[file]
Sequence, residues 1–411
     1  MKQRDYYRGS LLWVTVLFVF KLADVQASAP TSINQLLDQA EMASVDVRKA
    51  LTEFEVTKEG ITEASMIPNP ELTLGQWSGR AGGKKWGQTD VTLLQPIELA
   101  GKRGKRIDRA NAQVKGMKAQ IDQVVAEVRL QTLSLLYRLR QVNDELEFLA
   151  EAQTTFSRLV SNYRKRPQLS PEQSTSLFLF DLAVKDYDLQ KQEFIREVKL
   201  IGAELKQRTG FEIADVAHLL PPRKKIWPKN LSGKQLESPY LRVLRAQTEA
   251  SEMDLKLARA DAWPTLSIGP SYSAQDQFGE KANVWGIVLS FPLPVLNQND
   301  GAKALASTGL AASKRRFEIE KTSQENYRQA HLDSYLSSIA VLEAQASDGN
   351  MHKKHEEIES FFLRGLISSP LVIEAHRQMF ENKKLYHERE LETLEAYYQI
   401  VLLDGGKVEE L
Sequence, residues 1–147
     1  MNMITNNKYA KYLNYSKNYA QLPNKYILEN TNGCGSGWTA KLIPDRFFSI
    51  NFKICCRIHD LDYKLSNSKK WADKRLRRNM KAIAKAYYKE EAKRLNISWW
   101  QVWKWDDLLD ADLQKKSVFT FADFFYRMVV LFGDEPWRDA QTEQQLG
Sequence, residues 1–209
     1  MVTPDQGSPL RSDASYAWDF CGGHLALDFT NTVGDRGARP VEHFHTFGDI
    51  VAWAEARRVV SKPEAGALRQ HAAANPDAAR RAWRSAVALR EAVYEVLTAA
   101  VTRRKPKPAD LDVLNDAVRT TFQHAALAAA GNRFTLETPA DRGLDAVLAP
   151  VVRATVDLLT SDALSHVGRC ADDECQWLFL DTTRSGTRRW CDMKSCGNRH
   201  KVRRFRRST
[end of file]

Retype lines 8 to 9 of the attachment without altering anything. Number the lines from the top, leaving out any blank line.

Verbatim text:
   301  GAKALASTGL AASKRRFEIE KTSQENYRQA HLDSYLSSIA VLEAQASDGN
   351  MHKKHEEIES FFLRGLISSP LVIEAHRQMF ENKKLYHERE LETLEAYYQI